In early 1916, the Charter and By-Laws of the newly incorporated American Alpine Club were unanimously adopted by the officers and associated members of the Club. The original “Objects” of the Club were representative of the tone of the early 20th century, when alpinists and mountaineers were beginning to explore alpine regions and looking to the Poles for exploration, research, and “firsts.”
Fifty years after the Club’s formal incorporation, research was an official agenda item in all Board of Director meetings. At the May 5, 1966, meeting, the Board voted to approve a grant for snow sample collection in the St. Elias Mountains of Alaska:
The AAC-funded Icefield Ranges Research Project, continues to inform modern researchers looking into glacial retreat and climate change.
As climbing grew in popularity, the AAC broadened its mission to encompass the full scope of climbers and climbing environments. Throughout these shifts, we have maintained our support for research and scientific exploration of high alpine environments and treasured climbing landscapes. Today, research grants continue to be a critically important program at the Club. We have more than 100 years’ worth of AAC-funded research into alpine landscapes. This body of work provides a bedrock for future researchers to build on, particularly with regard to high alpine and glacial landscapes.
Our climate is rapidly changing and causing potentially irreversible damage to alpine environments and every year we see a greater number of proposals for research in these subjects. Our historical and ongoing funding of this work, speaks to our belief in evidence-based advocacy and our commitment to create positive change in the world by supporting this research.
Current State of Research Grants
In 2016, we supported a research team’s effort to measure ice composition and thickness on the summit of Denali, through snow and ice core samples and the use of ground-penetrating radar. A member of the AAC’s Climate Change Task Force, and Director of Academics and Research at Juneau Icefield Research Program (JIRP), Seth Campbell, PhD., covered the expedition and challenges on his personal blog. He explains in greater depth their research process and findings. Plus, he has some great photos of researchers in action!
Funding from AAC research grants enabled the team to summit Denali and record baseline data from the highest peak in North America, which previously hadn’t been technologically possible. This research lays the groundwork for continued study and analysis of how alpine environments are changing. We can’t know for certain how today’s research will help determine the future of our planet, but we remain committed to working with scientists, researchers, climbers, and citizens regarding the “promotion and dissemination of knowledge.” The work happening now is invaluable for future scientists, just like the findings of the Icefield Ranges researchers in the 1960s informs modern analyses. Additionally, research-backed climate science informs the Club’s policy positions and provides a sound rationale for local and federal laws aimed at protecting alpine environments.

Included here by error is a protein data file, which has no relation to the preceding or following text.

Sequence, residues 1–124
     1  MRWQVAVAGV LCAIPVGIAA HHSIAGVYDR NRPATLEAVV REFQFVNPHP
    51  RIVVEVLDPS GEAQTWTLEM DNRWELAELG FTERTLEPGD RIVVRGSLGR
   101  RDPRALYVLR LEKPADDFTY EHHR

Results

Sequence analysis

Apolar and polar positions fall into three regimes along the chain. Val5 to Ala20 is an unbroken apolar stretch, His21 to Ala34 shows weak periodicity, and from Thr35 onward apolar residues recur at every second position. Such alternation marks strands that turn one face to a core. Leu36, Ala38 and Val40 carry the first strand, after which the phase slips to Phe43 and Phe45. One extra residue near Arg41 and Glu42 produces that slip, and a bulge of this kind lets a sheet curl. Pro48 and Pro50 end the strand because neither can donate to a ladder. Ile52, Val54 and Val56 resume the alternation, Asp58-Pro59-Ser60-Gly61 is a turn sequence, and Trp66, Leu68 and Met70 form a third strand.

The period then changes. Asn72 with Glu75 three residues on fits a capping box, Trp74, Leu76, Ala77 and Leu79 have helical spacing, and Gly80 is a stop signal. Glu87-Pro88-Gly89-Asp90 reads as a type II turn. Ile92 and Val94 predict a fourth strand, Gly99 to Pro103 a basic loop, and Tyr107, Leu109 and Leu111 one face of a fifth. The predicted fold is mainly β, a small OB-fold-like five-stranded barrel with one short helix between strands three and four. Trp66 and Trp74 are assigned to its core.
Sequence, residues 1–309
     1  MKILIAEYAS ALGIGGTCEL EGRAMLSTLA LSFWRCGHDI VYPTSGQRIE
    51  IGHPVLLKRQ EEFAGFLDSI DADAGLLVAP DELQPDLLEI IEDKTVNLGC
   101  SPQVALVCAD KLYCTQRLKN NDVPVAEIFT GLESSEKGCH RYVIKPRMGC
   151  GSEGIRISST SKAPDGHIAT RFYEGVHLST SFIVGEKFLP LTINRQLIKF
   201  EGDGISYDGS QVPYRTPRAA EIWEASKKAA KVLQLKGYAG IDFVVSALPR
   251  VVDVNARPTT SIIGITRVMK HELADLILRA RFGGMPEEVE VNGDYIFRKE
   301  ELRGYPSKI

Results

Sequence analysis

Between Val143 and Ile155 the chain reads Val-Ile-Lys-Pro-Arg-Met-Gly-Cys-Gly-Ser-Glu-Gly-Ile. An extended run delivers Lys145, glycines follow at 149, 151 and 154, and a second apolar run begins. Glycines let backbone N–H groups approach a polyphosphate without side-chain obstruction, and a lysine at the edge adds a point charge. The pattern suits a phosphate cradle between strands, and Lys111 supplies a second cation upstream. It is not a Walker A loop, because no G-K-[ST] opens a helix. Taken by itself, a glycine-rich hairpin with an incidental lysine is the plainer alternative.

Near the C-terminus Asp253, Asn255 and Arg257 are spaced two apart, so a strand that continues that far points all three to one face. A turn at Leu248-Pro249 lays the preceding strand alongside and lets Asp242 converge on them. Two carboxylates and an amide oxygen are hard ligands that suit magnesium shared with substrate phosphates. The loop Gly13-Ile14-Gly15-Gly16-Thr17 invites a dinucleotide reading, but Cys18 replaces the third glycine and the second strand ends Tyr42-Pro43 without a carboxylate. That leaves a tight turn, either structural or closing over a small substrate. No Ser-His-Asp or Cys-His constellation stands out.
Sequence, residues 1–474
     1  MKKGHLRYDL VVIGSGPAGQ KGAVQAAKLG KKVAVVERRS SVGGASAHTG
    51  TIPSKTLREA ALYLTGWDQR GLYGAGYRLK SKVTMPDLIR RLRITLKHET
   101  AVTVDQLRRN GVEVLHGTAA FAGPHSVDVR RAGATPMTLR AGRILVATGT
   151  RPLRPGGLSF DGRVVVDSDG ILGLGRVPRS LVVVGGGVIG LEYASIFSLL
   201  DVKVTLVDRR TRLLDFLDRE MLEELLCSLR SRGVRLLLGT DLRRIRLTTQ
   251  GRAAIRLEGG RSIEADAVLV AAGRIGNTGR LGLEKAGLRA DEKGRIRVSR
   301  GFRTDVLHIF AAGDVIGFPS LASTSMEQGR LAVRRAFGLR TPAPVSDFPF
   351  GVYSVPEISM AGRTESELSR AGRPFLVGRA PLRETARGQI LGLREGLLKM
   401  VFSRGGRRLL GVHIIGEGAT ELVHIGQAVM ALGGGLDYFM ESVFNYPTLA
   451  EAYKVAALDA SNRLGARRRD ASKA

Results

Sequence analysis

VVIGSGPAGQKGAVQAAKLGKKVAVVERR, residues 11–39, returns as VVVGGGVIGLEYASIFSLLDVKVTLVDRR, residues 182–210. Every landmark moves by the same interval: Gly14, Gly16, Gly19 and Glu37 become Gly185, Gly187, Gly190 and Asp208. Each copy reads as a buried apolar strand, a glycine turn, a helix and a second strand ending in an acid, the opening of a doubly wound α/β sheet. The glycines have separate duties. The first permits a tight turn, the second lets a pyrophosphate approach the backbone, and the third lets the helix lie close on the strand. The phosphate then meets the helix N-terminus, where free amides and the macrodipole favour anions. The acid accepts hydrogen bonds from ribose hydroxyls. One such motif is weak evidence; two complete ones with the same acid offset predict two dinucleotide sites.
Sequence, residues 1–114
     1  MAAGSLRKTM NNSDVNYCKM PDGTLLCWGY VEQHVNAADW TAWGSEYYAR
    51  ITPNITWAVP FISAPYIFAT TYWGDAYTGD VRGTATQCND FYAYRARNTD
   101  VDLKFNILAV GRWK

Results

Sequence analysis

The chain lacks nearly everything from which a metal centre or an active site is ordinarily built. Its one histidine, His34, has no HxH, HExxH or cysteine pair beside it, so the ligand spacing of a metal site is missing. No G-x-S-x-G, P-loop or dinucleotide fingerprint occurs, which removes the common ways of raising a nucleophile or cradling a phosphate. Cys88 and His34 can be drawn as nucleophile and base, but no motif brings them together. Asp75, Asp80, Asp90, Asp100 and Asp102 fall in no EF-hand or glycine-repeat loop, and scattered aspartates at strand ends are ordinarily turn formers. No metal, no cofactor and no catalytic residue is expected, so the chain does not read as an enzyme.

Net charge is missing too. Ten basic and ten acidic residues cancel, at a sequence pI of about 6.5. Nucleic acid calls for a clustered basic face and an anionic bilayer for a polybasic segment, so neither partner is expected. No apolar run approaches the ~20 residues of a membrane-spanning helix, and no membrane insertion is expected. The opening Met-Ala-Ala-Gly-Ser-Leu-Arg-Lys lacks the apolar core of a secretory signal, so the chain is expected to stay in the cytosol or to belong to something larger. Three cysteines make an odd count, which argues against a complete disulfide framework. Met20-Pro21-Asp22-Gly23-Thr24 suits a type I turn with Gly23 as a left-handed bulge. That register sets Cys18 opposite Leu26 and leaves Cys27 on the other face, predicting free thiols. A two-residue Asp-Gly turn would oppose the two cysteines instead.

Research funding is still built into our endowment, and we have expanded the program by partnering with organizations like the National Renewable Energy Lab, Rockridge Venture Law, FourPoints Bars, and Kavu. These partnerships allow us to support more researchers and increase our average award amount. But it still isn’t enough. There is a growing need for further sound research into our changing climate and human impacts on the climbing landscape. That’s why we’re looking for more partners to help us support this work.
Moving Forward with Research Grants
Our recent national climber survey found that “88% of climbers believe climate change is happening now and is mostly caused by human activities.” At the same time, more people are recreating outdoors and causing their own impacts to these different ecosystems. Our AAC-funded researchers are helping us understand the very real impacts of climate change and increased human activity on these landscapes.
We awarded funds for glacial research more than fifty years ago and are committed to continue funding these projects that help determine the scale of climate change and the ongoing effects of pollution, glacial retreat, and environmental degradation due to overuse. In addition to climate science, we fund research that looks at the sociological impacts of climbing on local and global levels.
Looking ahead, we hope our research grants will fund work that directly impacts many areas of the Club. We look to fund research across disciplines, to better understand the climate, climbing landscapes, land access, human interactions, health and wellness, and more. Throughout our Club’s history, we have stayed true to our original objective of “the study of the high mountains of all America.” More than 100 years later, we embrace that directive and are proud to support a more comprehensive understanding of all aspects of the climbing universe.
Check out our website for more information about:
Email [email protected] with questions and to learn more about how to support this important work!
Caroline Bridges, AAC Grants Manager